Frankly, rural education philanthropy in the Ozarks is astounding!

Missouri's Houston Education Foundation is a shining example of how philanthropy can impact a school.

February 25, 2016 |

Scott Dill, Houston Superintendent, visits with Brandon Sigman's fourth-grade students at Houston Elementary School about Chromebooks, made possible through a Houston Education Foundation donation. Looking on are foundation members Rita Ruckert (left) and Dr. Joe Richardson III (right). (Photo by Brad Gentry)

In 2009 the Community Foundation of the Ozarks (CFO) established the Rural Schools Partnership, an effort to strengthen public education through collaboration, place-based grantmaking, and school-centered philanthropy. To say the least, this effort has led to phenomenal results.

In less than seven years the Rural Schools Partnership has awarded more than $250,000 in place based grants, launched the acclaimed Ozarks Teacher Corps, and developed asset development relationships with more than 100 school districts.

With guidance from CFO staff leaders Julie Leeth and Carol Silvey, more than 70 school foundations have been established or assisted, and CFO now manages nearly 700 rural education funds with assets approaching $30 million. That's right--seven years, 700 funds, and $30 million!

One shining example of this work is the Houston Education Foundation, a perfect blend of community commitment and visionary school leadership. We hope you will take a couple of minutes to read this article, which first appeared the Houston Herald. Thanks to everyone involved in this important work.


A contribution by Houston Education Foundation is advancing technology at Houston Elementary School.

The foundation — through the support of its donors — contributed funds to deploy Chromebooks in the upper elementary school. Thirty units now in use there bring the total available to students at the district to 188, said Superintendent Scott Dill.

Dill and some members of foundation observed students in a fourth-grade classroom last week using the laptop computers. Students gave an enthusiastic response about the availability of the devices since the start of the new semester last month.

“It is our intent that students should become familiar with these devices to facilitate an easy transition, for the students, as they make their way to middle school,” Dill said. Earlier, the foundation gave $27,000 to place the same computers in the high school and middle school.

Dill said while the machines are a tremendous asset to the district, they don’t replace tried and true practices already working in classrooms. “They are just one more tool provided to our students to ensure they have access to a full range of learning materials,” he said.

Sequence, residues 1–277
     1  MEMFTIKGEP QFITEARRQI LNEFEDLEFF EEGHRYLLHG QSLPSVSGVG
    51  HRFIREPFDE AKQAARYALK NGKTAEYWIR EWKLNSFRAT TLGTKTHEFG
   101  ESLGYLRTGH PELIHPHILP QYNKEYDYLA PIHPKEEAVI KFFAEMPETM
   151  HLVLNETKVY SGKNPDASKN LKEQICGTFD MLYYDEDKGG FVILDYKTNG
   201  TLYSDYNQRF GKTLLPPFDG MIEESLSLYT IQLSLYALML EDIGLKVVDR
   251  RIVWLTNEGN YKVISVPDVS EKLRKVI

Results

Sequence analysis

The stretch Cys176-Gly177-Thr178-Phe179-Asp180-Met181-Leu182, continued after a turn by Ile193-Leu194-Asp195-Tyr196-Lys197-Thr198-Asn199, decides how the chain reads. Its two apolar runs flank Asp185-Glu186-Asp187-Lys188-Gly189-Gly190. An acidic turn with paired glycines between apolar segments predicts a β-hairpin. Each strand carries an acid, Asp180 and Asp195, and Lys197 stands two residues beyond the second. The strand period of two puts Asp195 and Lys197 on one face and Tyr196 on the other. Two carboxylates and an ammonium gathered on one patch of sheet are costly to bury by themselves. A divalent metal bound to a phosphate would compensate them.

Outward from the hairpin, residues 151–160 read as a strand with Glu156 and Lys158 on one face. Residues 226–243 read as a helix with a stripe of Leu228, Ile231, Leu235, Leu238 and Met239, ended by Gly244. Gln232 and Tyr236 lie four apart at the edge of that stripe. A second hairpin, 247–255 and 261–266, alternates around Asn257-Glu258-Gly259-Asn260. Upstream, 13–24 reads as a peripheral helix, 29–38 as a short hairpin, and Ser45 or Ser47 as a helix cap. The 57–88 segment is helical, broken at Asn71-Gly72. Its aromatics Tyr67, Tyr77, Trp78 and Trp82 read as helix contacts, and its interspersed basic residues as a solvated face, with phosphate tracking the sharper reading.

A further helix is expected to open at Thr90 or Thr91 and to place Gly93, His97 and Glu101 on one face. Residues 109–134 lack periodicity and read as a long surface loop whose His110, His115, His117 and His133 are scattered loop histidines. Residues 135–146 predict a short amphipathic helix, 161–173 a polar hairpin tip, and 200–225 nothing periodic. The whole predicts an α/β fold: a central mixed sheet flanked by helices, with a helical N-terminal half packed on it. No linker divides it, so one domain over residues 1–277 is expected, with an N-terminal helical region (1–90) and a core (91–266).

Another benefit is for state standardized assessments that are now offered online. Dill said the devices integrate quickly into the district’s existing network, and allow it to facilitate larger simultaneous testing groups. The district’s technology network has undergone upgrades that benefited the implementation of the technology.

Foundation assisted

The donation is among the latest made by the Houston Education Foundation, a group formed to step in and assist the district when it has special projects that need funding.

Dr. Joe Richardson, the president of the local group, said the mission is to promote education excellence and opportunity beyond the district’s normal scope by generating financial resources from private funds to provide support for educational programs.

Most recently, HEF provided funds for new computers in the district’s new media center, and it has in the past purchased desks, music equipment and art display cases.

Alumni invited to contribute

Among those contributing during the last drive was Bob Burch, a 1967 graduate of Houston High School whose family has contributed to the advancement of the community over the years. His late father, Don, was a downtown Houston businessman and at one time was the town’s fire chief.

Burch left HHS to attend Arkansas State University in Jonesboro, where he focused on business and particularly in computer technology. After graduation, he began a 40-year career working in many aspects of computer-related technology. Some of the work included helping school districts to develop plans for students to have access to their own computer device.

“Technology is imperative for the learning experience with the advent of the Internet and social media. Many schools begin this use of technology in pre-school with computers used for keyboarding and interactive skills for the young students,” said Burch, who contributed $5,000. “Being a HHS alum, I have followed the use of technology in the Houston district. While I feel the high school students are afforded a reasonable amount of technology use, I feel that the learning experience with use of technology is not starting early enough.”

Initially, Burch reached out to Richardson to fund a scholarship, but after considering it decided to focus on giving back to the district through a donation earmarked for younger students to receive Chromebooks, which incorporated his passion for technology.

Richardson said he is still working on a scholarship idea with Burch.

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